I don't need to test my programs. I have an error-correcting modem.
CTF-Magma is one of the most technology laden of all the built-in UT 2003 maps, so picking it apart is a great way to learn about making fancy maps.
Turn off static mesh display. You'll notice that the mountain is still there, are are some strange little platforms under each castle. I'm not quite sure of the platforms under the castles.
The mountain is built as geometry so that it could be made a separate zone. Because of the way they set up the doorways, most of the time you can't see past the little door zones, and therefore can't see the mesh of the inside of the castle.
There's something funny going on with the zoning of this level. for some reason the zone portal around the mountain is actually 5 separate brushes. I'm assuming that this is because the engine determines visibility through the bounding box of each zone portal brush separately, not the combination of all the portal polys. This results in some or all of the gometry on the far side, and all smaller objects, not being drawn. if they had used a single big brush made in the 2d shape editor it would have been pointless.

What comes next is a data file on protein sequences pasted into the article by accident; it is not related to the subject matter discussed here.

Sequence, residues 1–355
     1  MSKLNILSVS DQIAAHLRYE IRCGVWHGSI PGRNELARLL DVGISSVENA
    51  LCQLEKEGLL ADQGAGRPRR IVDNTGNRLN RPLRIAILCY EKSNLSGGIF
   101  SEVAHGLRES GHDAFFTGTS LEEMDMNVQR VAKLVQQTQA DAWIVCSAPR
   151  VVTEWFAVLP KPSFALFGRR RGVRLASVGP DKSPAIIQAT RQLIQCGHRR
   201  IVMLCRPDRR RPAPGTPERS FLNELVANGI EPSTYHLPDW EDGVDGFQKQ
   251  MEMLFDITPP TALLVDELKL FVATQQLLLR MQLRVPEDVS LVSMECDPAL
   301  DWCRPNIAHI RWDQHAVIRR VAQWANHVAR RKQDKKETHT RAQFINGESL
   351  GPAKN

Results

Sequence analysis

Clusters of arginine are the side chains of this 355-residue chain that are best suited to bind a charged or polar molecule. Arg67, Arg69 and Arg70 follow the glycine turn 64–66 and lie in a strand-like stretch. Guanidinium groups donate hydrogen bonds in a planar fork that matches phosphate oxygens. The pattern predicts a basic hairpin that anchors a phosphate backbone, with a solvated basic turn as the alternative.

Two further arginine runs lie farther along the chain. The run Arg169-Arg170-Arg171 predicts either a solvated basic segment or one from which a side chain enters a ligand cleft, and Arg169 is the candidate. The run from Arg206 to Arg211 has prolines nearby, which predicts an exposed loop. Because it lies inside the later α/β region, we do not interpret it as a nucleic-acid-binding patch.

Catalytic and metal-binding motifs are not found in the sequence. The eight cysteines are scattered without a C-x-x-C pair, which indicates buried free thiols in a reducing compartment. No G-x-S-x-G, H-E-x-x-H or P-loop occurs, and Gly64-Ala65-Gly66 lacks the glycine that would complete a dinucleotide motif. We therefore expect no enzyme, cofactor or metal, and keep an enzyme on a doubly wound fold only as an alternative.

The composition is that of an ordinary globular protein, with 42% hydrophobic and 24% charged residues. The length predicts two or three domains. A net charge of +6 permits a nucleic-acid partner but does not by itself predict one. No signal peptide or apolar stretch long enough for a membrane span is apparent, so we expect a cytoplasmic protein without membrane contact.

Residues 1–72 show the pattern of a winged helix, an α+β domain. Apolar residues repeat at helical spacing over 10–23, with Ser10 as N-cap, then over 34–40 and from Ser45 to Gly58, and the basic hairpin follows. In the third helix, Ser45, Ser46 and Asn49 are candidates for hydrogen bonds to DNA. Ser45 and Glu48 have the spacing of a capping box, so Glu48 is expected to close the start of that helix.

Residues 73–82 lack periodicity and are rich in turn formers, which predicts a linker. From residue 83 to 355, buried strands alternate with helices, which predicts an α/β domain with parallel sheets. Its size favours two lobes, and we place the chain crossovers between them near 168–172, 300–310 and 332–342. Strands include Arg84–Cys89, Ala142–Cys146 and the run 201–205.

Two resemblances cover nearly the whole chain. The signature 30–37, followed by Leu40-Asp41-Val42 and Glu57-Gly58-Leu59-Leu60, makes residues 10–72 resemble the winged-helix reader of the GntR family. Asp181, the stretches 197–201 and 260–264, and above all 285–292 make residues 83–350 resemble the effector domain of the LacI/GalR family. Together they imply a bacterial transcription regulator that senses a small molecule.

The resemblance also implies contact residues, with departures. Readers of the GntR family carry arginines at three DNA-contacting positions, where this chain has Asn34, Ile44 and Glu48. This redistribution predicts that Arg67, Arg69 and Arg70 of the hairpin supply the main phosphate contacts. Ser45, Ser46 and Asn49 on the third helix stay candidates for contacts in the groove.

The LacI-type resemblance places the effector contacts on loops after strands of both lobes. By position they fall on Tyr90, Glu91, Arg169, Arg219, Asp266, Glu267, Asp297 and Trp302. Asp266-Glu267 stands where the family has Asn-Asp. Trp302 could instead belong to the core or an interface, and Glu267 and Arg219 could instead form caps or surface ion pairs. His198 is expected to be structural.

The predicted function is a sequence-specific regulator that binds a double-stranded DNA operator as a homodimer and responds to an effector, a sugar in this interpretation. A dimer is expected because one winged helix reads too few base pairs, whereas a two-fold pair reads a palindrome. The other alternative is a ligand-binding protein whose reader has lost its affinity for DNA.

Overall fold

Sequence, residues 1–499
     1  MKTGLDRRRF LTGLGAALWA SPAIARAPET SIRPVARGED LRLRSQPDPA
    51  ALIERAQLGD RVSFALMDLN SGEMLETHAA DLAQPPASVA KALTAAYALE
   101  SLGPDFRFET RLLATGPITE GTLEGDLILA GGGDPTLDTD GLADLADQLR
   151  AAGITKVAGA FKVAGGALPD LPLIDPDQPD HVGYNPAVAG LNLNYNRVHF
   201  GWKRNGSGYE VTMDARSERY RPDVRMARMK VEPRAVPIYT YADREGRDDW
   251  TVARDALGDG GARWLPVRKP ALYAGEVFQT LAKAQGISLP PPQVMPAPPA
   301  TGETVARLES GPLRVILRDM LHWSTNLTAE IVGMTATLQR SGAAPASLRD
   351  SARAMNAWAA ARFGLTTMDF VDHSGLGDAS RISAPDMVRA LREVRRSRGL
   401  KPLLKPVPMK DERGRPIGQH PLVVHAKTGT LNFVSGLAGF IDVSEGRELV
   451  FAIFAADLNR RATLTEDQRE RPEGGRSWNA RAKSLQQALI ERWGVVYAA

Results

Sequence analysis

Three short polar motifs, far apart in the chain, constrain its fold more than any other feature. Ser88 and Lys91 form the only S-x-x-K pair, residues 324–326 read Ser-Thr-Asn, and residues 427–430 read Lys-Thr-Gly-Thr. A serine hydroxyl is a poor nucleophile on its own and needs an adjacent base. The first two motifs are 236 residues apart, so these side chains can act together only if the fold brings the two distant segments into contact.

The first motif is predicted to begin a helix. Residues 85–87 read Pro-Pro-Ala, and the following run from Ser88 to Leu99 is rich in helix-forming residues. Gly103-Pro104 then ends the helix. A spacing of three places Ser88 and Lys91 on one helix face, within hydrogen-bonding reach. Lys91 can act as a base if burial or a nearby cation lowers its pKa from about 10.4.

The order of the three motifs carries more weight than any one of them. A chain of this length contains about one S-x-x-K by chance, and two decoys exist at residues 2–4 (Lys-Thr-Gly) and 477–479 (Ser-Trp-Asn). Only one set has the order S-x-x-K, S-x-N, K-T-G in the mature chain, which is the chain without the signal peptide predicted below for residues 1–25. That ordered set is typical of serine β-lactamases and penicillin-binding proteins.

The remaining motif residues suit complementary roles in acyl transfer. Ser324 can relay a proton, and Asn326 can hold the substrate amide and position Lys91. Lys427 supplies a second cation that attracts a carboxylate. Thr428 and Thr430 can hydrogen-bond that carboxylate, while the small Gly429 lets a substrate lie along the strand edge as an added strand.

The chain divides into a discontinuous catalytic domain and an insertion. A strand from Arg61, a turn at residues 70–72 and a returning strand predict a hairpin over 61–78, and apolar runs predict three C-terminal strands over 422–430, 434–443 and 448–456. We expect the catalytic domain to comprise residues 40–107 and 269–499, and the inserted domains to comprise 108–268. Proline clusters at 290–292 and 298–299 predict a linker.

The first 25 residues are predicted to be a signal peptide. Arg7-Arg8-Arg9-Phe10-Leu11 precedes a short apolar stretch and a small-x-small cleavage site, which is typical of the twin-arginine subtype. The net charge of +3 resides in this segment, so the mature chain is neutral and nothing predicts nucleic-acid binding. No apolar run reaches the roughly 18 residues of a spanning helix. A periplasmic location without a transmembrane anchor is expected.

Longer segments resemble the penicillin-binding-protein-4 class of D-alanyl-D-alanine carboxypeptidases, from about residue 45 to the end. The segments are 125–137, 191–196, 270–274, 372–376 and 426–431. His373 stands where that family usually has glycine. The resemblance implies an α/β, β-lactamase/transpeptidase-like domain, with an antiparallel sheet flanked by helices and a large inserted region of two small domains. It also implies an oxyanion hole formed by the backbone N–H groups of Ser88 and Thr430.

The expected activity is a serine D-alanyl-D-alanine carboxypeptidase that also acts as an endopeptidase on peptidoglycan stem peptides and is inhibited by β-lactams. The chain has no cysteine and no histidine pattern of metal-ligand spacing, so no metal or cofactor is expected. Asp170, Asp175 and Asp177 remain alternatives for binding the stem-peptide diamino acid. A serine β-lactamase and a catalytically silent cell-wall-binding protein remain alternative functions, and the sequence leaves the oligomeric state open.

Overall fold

The Meshes (except castles)
The entire world is static meshes. Most of these meshes show off multi-texturing. Some example of how multi-texturing is use include:
- lava rivers flowing through the stationary lava
- smooth blend between the lava lake and the lava pouring into the pits
- blending of textures on the areas you can walk
- fringe where the ground meets the lava
All of these meshes use two different textures that have been cross-faded using the vertex color of the mesh.
Also, for all the meshes that the player collides with that aren't trivial (such as the little islands), there are separate collision meshes that have much lower polygon counts. This speeds up collision and karma, and reduces server CPU usage when there's LOTs of players playing.
Go into lighting-only mode. Notice that the castles are flat white? That's because they have had a pre-rendered light map applied to them and have been marked as bUnlit. I assume that these maps were made by some feature of 3D Studio Max that allows you to render lighting into a texture map. These light maps are then combined with the texture maps on the castle using multi-texturing.
The materials used on the static meshes in this map show off just about every feature there is. Look through all of them and try to figure out how they work.
inio: I've been doing a lot of looking at this map the past week or two, so I figured I'd share what I've learned If there's anything you'd like to see expanded or covered in more detail, just add a comment.
crunchywomble Yeah, I'd love to know more about what you've discovered in this level. It's definatly my favourite for texture and mesh use. I'm trying to emulate the lava flow effect for a level, and I'd love any insights you'd care to share.